Pressing Questions

The Gilt MAN Q&A: Billy Moore of Cause and Effect

Discussing domestically sourced leather, river rock metal treatments, and good ol’ fashioned moonshine with the refreshingly unconventional belt and accessories maker.

The man himself, hard at work.

Update: We’ve got a selection of fine wares by Cause and Effect available again on Gilt MAN this Friday, 1/13. Mark those calendars, and read on to learn more about Billy, his work, and the psychosocial benefits of bootleg booze.

Most belts don’t start out as a strip of leather sitting at the bottom of a river, and most buckles have had exactly zero contact with a manhole cover before they reach you. But then, most belts aren’t made by Billy Moore, the unorthodox craftsman behind handmade accessories line Cause and Effect. We’re lucky enough to have an exclusive collection of Billy’s rough-hewn belts, bracelets, and more up for grabs on Gilt MAN this Friday, so we decided to drop him a line to talk about life in Tennessee, indigo-dyed leather, and one very important moonshiner by the name of Popcorn.

How’d you find yourself in Tennessee? I believe you’re originally a Northern boy, if I remember correctly.
I came here because I was looking for a place to make a fresh start and clear my head.

Seems like it worked pretty damn well. So, what led you to start making belts?
I’ve been doing metal work for the last 16 or so years, and I became extremely close to a family in Tennessee that makes belts, so I started making buckles for them. From there I started messing around with leather and found a style that suited me, and then started crafting belts and buckles one at a time on my own.

Is there anything behind the name “Cause and Effect,” or did you just like the ring of it?
The name is important to me. It’s a reminder that we can make this world better in small ways ourselves. From little things like holding the door, helping someone struggling to load their groceries, to helping with bigger things like food banks and homeless shelters. We never know when our small actions will inspire someone to do something on their own.

Can you tell us about how you source your materials?
Getting things from the USA is paramount—from a social responsibility standpoint, and for quality as well. No one does leather better than Chicago’s Horween tannery. It may be expensive, but there’s nothing else like it.

Let’s talk about how you treat the leather and metal you use. I know it’s painstaking, and I know that you’ve got a few different methods you employ, from soaking in a river and then drying in the sun, to painting and sanding, to beating the hell out of everything with a hammer. Care to fill us in on the process?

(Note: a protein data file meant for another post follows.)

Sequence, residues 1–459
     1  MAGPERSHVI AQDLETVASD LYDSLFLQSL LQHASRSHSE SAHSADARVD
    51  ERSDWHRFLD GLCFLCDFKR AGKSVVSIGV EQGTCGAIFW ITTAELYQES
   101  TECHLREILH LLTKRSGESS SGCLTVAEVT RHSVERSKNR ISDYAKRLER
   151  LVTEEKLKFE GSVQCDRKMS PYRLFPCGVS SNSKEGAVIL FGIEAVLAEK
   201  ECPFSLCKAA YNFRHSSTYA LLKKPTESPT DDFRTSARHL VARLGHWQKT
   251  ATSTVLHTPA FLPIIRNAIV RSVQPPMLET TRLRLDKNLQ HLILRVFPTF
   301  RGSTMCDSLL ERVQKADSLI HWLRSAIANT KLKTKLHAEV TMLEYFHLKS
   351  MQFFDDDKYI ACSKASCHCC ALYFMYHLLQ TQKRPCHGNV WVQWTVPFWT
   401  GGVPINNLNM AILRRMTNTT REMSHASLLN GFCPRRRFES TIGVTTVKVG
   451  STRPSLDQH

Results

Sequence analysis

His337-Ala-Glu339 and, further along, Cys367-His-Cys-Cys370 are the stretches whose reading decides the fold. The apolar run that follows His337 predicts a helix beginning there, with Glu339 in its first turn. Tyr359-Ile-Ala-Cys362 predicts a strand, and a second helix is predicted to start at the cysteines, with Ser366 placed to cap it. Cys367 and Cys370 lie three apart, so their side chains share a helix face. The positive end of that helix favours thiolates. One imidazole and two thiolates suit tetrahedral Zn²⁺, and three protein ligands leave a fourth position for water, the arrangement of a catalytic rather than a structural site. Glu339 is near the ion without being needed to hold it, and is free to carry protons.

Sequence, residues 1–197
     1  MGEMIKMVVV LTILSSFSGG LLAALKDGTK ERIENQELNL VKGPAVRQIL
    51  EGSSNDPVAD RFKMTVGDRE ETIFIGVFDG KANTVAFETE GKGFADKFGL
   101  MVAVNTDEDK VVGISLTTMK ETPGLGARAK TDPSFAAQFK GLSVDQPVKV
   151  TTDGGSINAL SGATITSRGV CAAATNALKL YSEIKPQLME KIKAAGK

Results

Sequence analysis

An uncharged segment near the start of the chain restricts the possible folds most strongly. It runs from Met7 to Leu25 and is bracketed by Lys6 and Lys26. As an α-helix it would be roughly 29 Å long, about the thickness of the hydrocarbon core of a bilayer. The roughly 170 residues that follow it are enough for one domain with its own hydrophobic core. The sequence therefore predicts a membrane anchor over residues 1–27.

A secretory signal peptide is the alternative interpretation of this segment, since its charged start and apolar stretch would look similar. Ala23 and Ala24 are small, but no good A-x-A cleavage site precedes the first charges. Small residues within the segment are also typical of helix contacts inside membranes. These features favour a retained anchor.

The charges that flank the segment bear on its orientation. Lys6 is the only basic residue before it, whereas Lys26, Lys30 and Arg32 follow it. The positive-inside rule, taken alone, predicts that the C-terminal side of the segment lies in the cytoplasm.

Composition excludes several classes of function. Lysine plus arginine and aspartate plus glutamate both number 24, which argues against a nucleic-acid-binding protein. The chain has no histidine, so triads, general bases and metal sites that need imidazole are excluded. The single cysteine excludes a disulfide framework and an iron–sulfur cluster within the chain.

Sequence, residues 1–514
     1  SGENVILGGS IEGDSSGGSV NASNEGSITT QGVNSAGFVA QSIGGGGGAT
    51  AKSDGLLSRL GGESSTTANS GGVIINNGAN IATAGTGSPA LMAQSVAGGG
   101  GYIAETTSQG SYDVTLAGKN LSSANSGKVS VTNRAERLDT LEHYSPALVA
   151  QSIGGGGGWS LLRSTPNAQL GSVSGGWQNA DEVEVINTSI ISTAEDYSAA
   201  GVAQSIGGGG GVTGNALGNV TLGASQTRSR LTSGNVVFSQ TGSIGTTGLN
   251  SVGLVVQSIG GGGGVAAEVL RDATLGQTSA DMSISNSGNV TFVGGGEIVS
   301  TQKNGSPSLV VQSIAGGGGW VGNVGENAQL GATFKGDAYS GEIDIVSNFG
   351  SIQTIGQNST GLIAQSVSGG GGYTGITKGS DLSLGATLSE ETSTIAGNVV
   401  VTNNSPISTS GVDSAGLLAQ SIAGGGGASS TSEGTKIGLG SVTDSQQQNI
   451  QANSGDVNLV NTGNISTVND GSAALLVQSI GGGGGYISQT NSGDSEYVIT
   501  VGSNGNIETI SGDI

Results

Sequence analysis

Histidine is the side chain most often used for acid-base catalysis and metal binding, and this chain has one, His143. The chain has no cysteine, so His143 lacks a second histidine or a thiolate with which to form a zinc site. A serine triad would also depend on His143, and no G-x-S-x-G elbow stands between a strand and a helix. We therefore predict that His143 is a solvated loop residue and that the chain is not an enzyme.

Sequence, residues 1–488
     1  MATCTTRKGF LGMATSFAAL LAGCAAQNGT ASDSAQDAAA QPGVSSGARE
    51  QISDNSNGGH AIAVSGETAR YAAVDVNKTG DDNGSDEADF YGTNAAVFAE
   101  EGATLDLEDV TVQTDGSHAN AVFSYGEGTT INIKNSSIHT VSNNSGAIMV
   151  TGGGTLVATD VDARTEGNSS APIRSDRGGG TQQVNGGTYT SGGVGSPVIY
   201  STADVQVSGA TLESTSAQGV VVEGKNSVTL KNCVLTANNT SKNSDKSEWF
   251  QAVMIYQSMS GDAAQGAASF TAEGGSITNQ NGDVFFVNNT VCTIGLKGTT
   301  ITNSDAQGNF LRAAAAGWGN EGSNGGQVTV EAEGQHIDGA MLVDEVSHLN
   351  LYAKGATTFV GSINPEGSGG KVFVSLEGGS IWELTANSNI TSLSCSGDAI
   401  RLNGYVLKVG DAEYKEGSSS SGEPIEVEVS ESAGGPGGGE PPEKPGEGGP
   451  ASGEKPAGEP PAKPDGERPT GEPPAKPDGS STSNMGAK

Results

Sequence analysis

For me the creative process is fueled by my surroundings. Texture and color, whether from the mountains or the inner city, are key for me. I love using abrasive river rocks to distress belts and buckles, but it’s also inspiring to use asphalt and manhole covers.

The collection you’ve put together for Gilt MAN Finds: Let’s hear about it.
The Gilt collection is the most fun I have ever had in the studio. For metals, I used copper, brass, nickel, and sterling. On the leather front, I used naked (Ed’s note: “Untreated,” is another way to say it) vegetable tanned leather, and I hand dyed the indigo leather four times to achieve a color so dark it had shades of blue black and purple. This collection has so many pieces that I love, but my favorites would be the shell cordovan and sterling hospital bracelets, and the double wrap bracelets that utilize vintage turquoise.

Every time I run into you, I wind up drinking some really killer moonshine. And we’re talking the real deal: Strong stuff that comes in unlabeled mason jars. Why the predilection for it? And how do you manage to get your hands on it?
Ah, the moonshine. It’s the greatest ice breaker in the world. You can be total strangers, but after you share a few swigs of 150 proof shine with someone, you become fast friends. I used to get my beverage from a gentleman named Popcorn. He did a History Channel special on the making of moonshine, and there’s even a movie about him. He passed on, unfortunately, so my supply now comes from a new source.

When I first met you a year and a half ago, you didn’t even have a website—just an email address that folks could write to and request a belt. Now, you’ve got yourself a fancy new site, and I’m seeing your gear pop up more and more places. How are things going for Cause and Effect, and what’s up next for you?
New for me? Hmmm. Well, I’m vowing to actually read and answer my email for once. And that website, well some friends actually took it upon themselves to create it for me. Thanks Fran and Joe. I promise I’ll actually check it for orders.

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